Wednesday, May 15, 2002
C.A. Upholds Police Use of Murder Defendant’s Girlfriend To Tape Phone Calls, Says She Was Not Agent
By KENNETH OFGANG, Staff Writer/Appellate Courts
Telephone calls between a murder defendant and his girlfriend, which she taped at the suggestion of police, were properly admitted in evidence against him, the Fourth District Court of Appeal ruled yesterday.
The court affirmed the conviction of Luis Martin, part-owner of a downtown Los Angeles produce market, for the murder of one of his employees, Jose Ramon.
Prosecutors theorized that Martin, who hired Ramon to work at Value Produce, killed him because he told Martin’s wife and/or fellow employees about Martin’s affair with Celia Camolinga.
Alternatively, they suggested that Martin killed the employee after learning that Camolinga had a boyfriend in Mexico and that Ramon—whose girlfriend was a friend of Camolinga—knew about it and didn’t tell him.
Ramon’s body was found on a foggy road in Chino on Nov. 25, 1998. Martin’s cell phone records showed that he had placed a call from the area around the time of the murder, then made further calls from points west over the next hour, concluding with a call from Calabasas.
Camolinga lives in Calabasas and confirmed that Martin came to her apartment around the time of the last cell phone call. Martin was arrested about two weeks later and was held to answer following a preliminary hearing.
After the preliminary hearing, Martin called Camolinga, who recorded several hours of conversations in which he made statements incriminating himself in the killings of Ramon and of Raul Cosio, Camolinga’s Mexican boyfriend, who was murdered in Mexico City in June 1999.
Prosecutors used the tapes to establish that Martin was a danger to Camolinga and that he had left the country without court permission around the time of the Cosio murder. His $1 million bond was revoked.
Defense attorney Donald Marks moved to keep the tapes out of the trial under Massiah v. United States (1964) 377 U.S. 201. The case holds that the constitutional right to counsel is violated if police officers or other government agents interrogate a defendant who is represented by a lawyer.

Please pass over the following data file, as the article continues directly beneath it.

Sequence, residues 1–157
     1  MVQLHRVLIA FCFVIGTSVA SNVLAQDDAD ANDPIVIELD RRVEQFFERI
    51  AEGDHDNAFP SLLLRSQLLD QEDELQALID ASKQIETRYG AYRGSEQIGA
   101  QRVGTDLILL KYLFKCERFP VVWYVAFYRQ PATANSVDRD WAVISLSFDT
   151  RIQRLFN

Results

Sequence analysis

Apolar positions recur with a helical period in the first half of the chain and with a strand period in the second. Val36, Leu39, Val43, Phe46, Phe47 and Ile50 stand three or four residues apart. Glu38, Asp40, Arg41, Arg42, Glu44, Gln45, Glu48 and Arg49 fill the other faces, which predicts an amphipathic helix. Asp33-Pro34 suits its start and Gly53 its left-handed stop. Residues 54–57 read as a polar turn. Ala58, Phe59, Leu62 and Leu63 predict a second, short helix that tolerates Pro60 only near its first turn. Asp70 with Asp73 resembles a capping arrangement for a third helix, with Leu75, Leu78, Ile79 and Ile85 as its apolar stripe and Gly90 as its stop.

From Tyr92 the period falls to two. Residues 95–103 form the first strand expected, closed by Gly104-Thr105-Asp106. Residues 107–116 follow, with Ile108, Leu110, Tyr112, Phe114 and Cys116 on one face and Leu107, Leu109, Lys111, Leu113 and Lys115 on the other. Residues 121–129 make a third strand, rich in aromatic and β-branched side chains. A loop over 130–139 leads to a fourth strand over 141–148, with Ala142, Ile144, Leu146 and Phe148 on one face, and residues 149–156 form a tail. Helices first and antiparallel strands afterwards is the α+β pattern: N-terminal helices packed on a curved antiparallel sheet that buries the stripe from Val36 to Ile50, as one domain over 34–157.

Marks argued that Camolinga was acting as a government agent when she taped the conversations. But Camolinga testified that it was she who went to the police, because she feared for her safety and that of her daughters after Cosio was killed, and that she herself decided what questions to ask Martin.
San Bernardino Superior Court Judge Shahla Sabet agreed with prosecutors, who contended that because the police did not initiate the contact, and limited their role to supplying the recording equipment and telling Camolinga how to use it, she was not acting as an agent of the government.
Martin was convicted of first degree murder and sentenced to 35 years to life in prison.
Justice Thomas Hollenhorst, writing for the Court of Appeal, said the trial judge was correct in denying the motion to suppress.
Under Massiah and its progeny, Hollenhorst explained, it is a Sixth Amendment violation for the police to “knowingly circumvent” the defendant’s right to counsel by arranging to have the defendant’s conversations taped by an agent. But the mere fact that the police “facilitated communication” between a witness and a defendant is not sufficient to make the witness a police agent, the jurist explained.
The circumstances of the conversations, the justice said, distinguish them from those in which the courts have found Massiah violations. He noted that there was no evidence Camolinga was receiving instructions from the police, she was not paid to obtain the statements, and the defendant was out on bail and initiated contact with Camolinga.
Besides, the justice said, it was reasonable to conclude that Camolinga’s motive for taping the calls was to protect herself, and not merely to incriminate Martin.
The case is People v. Martin, E028833.
Copyright 2002, Metropolitan News Company